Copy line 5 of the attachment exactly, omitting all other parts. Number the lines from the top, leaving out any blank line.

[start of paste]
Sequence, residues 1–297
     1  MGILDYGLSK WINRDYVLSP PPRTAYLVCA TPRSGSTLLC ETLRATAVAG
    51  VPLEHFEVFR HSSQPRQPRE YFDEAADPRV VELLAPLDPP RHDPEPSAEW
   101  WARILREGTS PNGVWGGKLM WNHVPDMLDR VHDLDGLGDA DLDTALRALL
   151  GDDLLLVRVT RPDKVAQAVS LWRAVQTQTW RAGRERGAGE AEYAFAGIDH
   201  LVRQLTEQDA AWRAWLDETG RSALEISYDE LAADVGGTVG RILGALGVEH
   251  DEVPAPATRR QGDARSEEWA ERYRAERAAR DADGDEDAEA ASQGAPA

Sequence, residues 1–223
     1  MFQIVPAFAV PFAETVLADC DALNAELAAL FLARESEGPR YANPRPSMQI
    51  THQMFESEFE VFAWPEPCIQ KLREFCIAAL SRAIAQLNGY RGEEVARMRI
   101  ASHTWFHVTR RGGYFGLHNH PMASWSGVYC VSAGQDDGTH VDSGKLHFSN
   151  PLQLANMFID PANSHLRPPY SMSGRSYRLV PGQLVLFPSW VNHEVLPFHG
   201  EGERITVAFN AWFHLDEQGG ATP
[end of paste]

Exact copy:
   151  GDDLLLVRVT RPDKVAQAVS LWRAVQTQTW RAGRERGAGE AEYAFAGIDH